Tools required: A pint milk bottle, or measuring jug.
Method: Remove the petrol pipe from the carb, and hold it at the same level it normally sits at on the carb. Start your stopwatch and measure how much fuel flows into the measuring jug over 60 seconds. You are looking for around 1 pint per minute. If significantly less than this, you may suffer fuel starvation problems at full throttle and should change your tap to a decent brand of ‘fast flow’ type. If you have an aftermarket carb, and if there is room, rather than the pipe test you can actually remove the bottom of your carb bowl and test flow there, as this shows the flow rate of the float needle too (a 300 float needle is required on most Dellorto PHBH carbs).
On the dyno
NOW the essentials have been set, it’s time for the dyno. After a thorough warm-up, I run each scooter up three times on the dyno, using a variety of gears, revs and throttle positions on each run. This gives me the maximum amount of information possible. I can then assess, if the machine is putting out the expected power, what the power spread is like and whether there might be a problem. With that information, combined with the rider style (pillion/solo, local/touring, luggage/no luggage, height/weight etc) I can make gearing suggestions to the owner. Lastly, and most importantly, I can then check the air/fuel ratio coming from the carb, find any lean/rich spots, and tweak accordingly. Working on pilot jet, atomiser, needle, clip position, main jet and mix screw across various rev ranges and throttle positions, to give a safe working range to cover various road conditions using multiple rev ranges and throttle positions. This is what takes the time, but also what brings the biggest benefits.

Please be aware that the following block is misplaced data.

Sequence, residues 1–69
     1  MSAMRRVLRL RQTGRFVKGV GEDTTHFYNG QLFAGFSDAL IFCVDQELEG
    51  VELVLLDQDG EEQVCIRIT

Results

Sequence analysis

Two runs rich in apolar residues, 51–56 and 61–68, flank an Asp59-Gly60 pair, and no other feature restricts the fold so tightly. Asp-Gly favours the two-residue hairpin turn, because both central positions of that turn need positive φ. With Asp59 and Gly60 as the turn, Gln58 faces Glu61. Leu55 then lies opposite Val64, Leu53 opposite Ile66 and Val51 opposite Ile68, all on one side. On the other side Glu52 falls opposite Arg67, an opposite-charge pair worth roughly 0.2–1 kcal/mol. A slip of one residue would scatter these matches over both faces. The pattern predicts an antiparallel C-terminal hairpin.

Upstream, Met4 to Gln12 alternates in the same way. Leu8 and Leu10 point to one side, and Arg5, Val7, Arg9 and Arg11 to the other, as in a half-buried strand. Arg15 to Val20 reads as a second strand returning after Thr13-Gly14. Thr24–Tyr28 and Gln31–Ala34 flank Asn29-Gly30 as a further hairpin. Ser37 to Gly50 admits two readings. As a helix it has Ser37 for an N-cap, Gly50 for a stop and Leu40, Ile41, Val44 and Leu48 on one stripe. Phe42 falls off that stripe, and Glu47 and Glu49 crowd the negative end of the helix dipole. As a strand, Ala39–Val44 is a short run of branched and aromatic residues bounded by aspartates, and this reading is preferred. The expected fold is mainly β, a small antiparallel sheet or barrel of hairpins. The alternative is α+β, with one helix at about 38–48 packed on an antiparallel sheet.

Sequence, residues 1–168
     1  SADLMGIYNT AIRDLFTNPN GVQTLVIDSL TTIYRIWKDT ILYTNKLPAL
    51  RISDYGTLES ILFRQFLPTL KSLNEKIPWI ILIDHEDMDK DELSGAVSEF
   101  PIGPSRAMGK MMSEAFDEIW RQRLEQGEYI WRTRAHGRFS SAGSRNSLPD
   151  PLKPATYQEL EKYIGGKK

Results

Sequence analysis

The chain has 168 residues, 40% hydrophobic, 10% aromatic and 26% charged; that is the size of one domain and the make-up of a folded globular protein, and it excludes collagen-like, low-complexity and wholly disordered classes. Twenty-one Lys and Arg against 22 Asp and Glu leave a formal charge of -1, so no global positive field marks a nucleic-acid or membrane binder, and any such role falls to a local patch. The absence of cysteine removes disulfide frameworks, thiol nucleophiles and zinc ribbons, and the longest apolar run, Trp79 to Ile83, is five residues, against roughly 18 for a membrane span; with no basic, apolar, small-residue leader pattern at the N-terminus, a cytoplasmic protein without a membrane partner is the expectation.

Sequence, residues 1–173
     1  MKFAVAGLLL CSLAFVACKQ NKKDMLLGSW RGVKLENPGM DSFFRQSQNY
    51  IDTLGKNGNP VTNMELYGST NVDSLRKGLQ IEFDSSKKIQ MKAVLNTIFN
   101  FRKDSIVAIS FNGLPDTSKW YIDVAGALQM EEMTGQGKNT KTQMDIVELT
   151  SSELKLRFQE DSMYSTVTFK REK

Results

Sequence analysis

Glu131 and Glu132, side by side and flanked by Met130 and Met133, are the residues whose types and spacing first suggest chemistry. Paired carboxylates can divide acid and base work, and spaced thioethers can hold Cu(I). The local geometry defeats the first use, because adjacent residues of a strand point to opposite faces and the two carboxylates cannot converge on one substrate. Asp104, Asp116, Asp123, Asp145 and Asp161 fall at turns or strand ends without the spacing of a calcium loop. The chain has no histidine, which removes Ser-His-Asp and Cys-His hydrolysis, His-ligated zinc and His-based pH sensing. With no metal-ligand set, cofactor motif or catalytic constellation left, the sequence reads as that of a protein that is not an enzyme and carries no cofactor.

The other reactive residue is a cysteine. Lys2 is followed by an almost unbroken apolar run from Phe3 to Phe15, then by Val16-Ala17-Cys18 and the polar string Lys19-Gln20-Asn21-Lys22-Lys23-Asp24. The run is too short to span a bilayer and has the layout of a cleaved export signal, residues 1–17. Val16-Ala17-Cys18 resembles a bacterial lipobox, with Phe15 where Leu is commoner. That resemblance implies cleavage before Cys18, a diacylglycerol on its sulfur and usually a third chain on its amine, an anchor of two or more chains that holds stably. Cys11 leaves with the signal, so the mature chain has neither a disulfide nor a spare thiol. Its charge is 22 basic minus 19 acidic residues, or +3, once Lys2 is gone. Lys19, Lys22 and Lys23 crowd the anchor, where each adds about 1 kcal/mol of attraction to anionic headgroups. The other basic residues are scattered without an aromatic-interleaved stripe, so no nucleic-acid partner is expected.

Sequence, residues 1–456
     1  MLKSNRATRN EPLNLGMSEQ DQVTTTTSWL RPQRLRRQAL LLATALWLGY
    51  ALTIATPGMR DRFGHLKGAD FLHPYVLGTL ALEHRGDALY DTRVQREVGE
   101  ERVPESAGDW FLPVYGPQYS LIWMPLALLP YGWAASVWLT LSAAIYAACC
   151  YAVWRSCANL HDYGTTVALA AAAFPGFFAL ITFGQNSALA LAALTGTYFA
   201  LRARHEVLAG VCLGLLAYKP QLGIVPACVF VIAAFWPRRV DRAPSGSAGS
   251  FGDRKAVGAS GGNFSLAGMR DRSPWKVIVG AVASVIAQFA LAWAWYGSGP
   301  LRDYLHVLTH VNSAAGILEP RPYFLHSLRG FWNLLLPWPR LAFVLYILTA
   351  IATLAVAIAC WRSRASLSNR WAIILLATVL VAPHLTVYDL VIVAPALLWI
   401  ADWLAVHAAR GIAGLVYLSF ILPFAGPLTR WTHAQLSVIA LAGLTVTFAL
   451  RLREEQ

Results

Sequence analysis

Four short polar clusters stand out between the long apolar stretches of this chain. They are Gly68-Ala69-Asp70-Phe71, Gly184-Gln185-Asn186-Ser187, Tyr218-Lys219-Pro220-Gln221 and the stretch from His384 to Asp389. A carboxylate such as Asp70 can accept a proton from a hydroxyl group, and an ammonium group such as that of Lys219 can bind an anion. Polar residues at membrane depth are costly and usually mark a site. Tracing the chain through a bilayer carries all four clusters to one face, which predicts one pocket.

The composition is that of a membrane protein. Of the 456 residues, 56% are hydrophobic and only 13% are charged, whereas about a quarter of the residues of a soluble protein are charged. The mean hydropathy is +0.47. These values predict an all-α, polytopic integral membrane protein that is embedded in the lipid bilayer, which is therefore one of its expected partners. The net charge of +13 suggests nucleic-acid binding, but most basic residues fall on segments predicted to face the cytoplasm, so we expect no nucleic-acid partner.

What the dyno doesn’t do:
Classic line No2 – “Well It’s been fine for ages, it only holed a piston after you dynoed it”. Fortunately I’ve only heard this twice in 8 years of dynoing. It’s usually an unfair accusation and here’s why. Any engine which hasn’t been built by said dyno operator, or the owner can’t give settings for is open to a little speculation. The dyno shows the air/fuel curve and the operator can adjust that. But if the ignition is set wrong or the compression ratio’s been jacked up or there’s an air leak which have been masked with hugely over-rich jetting, then the unwitting dyno operator might be walking head on into calamity. The hidden problems are a time-bomb, waiting to grenade your engine once the acceptable heat level is breached! Again, a good Dyno operator might spot signs of pinking or other symptoms and advise accordingly, but sadly many do not. And there is no way a dyno operator can account for an inlet rubber which later splits, or head/exhaust nuts which later work loose…..or worse the owner who likes to ‘fiddle’!
A dyno session, you will bring gearing advice, diagnosis of obvious problems, and air/fuel settings. If you want the basic settings doing, then the scooter will need booking in for garage time first. The dyno is one part of a number of checks and stops which should be done together to get the engine set up as a complete unit.
The worst dyno customer, who rings you a day later, with the final ‘classic line’: “You dynoed my scooter yesterday, and now my front brake is not working”
“OK sir…….erm, would you like to book the scooter in for us to have a look at it for you?”
“Well why isn’t it working now? It was working before you dynoed it!” (Read here – customer is now suggesting that the dyno has broken his front brake). Give me strength.
Do your basic checks, benefit from a dyno session, enjoy your summer.